Amazon's spokesman in Britain, Ben Howes, gave a statement to CNN saying, "I can confirm that those items are not available for sale."

The shirts were never actually printed, explained Pete Ashton, a blogger in Birmingham, England, who writes about the Internet.

Companies such as Solid Gold Bomb offer slogans and designs for their apparel, and they are printed on demand when a customer orders one, he said on his site, iam.peteashton.com.

Beyond vomiting, how to prevent rape

There are more than 540,000 Solid Gold Bomb items for sale on Amazon, which indicates they can't all be waiting in a warehouse for shipment.

"The shirts don't exist," Ashton writes. "All that exists is a graphics file on a computer ready to be printed onto a shirt if an order comes through. Still, you might say, someone had to make that file, to type those words and click save. Not necessarily."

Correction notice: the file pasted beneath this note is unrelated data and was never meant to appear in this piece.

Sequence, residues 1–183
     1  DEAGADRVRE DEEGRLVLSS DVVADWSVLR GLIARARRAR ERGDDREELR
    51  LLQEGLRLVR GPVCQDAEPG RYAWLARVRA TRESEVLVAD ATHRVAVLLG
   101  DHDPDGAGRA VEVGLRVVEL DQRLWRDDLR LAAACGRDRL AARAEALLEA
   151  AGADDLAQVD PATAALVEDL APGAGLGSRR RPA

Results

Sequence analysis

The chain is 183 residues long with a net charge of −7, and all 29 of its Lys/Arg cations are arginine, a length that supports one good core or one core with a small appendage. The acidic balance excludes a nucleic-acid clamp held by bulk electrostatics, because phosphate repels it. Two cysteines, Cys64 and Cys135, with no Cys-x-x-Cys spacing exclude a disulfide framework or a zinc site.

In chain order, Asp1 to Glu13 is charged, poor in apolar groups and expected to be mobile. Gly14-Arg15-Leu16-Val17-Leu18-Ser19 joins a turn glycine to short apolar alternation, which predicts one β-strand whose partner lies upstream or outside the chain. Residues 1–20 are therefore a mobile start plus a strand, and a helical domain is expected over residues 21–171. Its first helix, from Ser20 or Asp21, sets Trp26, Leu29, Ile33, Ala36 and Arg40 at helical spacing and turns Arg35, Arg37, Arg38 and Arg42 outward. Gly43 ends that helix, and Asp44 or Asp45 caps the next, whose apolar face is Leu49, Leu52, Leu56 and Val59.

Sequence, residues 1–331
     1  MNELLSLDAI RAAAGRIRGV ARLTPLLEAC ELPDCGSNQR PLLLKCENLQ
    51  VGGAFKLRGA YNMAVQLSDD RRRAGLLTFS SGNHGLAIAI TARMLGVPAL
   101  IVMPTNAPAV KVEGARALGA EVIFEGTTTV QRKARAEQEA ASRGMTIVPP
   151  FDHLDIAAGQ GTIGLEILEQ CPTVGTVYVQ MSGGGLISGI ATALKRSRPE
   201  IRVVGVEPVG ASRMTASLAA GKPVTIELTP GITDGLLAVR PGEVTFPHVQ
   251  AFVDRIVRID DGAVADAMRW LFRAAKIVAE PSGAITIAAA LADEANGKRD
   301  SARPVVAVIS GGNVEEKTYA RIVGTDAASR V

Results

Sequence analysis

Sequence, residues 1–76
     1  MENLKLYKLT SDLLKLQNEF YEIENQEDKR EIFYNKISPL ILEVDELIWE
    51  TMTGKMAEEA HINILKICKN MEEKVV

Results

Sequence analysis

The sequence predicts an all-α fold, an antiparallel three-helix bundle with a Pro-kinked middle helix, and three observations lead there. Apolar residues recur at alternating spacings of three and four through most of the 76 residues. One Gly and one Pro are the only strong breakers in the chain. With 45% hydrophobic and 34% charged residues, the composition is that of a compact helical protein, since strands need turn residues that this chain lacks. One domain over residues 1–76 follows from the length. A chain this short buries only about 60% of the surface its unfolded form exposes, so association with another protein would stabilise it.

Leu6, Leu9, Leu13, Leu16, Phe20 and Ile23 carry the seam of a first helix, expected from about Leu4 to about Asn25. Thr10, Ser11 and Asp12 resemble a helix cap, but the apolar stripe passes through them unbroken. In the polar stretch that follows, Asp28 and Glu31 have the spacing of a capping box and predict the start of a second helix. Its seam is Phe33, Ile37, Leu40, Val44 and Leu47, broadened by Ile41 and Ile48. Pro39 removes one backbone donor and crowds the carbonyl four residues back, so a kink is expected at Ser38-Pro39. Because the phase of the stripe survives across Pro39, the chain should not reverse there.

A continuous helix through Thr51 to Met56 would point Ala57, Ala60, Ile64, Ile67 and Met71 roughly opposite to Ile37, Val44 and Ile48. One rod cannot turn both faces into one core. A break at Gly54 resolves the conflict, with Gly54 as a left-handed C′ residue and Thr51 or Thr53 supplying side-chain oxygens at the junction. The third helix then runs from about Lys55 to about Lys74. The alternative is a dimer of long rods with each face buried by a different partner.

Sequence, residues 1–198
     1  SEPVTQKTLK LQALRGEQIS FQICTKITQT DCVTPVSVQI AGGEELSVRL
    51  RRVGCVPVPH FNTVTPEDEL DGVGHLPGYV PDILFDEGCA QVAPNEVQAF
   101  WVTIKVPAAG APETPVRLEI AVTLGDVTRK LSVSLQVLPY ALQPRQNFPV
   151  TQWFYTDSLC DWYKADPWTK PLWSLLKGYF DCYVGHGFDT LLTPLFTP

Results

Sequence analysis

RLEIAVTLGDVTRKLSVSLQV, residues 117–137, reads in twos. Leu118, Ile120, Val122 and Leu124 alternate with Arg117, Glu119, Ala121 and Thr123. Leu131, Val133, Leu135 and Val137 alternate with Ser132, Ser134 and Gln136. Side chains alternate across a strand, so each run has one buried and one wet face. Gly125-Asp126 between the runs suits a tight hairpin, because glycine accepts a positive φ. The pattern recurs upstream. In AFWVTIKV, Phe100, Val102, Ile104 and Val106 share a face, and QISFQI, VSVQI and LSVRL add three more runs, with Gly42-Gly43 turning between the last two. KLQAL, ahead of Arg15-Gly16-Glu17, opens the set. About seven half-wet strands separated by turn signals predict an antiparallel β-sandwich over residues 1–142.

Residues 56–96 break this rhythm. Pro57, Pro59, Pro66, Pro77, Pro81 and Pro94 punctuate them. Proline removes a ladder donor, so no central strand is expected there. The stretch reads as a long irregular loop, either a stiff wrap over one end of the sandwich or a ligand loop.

Company founder Fowler says the slogans were started a year ago as a parody of the British wartime slogan "Keep Calm and Carry On," which was intended to encourage Britons to keep up their spirits.

Company computers created a combination of words that played off the slogan, taking into account character length and graphic resemblance to the original phrase, he said.

Said Ashton, "Yes, Amazon shouldn't be advertising these shirts. Yes, Solid Gold Bomb should have checked through their verb list before starting the algorithm. But as mistakes go it's a fairly excusable one, assuming they now act on it."

Check out the latest news from CNN.com

CNN's Per Nyberg in London contributed to this report.

ADVERTISEMENT
Part of complete coverage on
April 24, 2014 -- Updated 0626 GMT (1426 HKT)
A year ago, 1,000 garment workers died in the collapse of Rana Plaza building in Bangladesh. Here's a look at what has changed since then.
April 24, 2014 -- Updated 0453 GMT (1253 HKT)
Focus is on the fish as U.S. President starts tour with visit to legendary Tokyo restaurant.
April 23, 2014 -- Updated 1723 GMT (0123 HKT)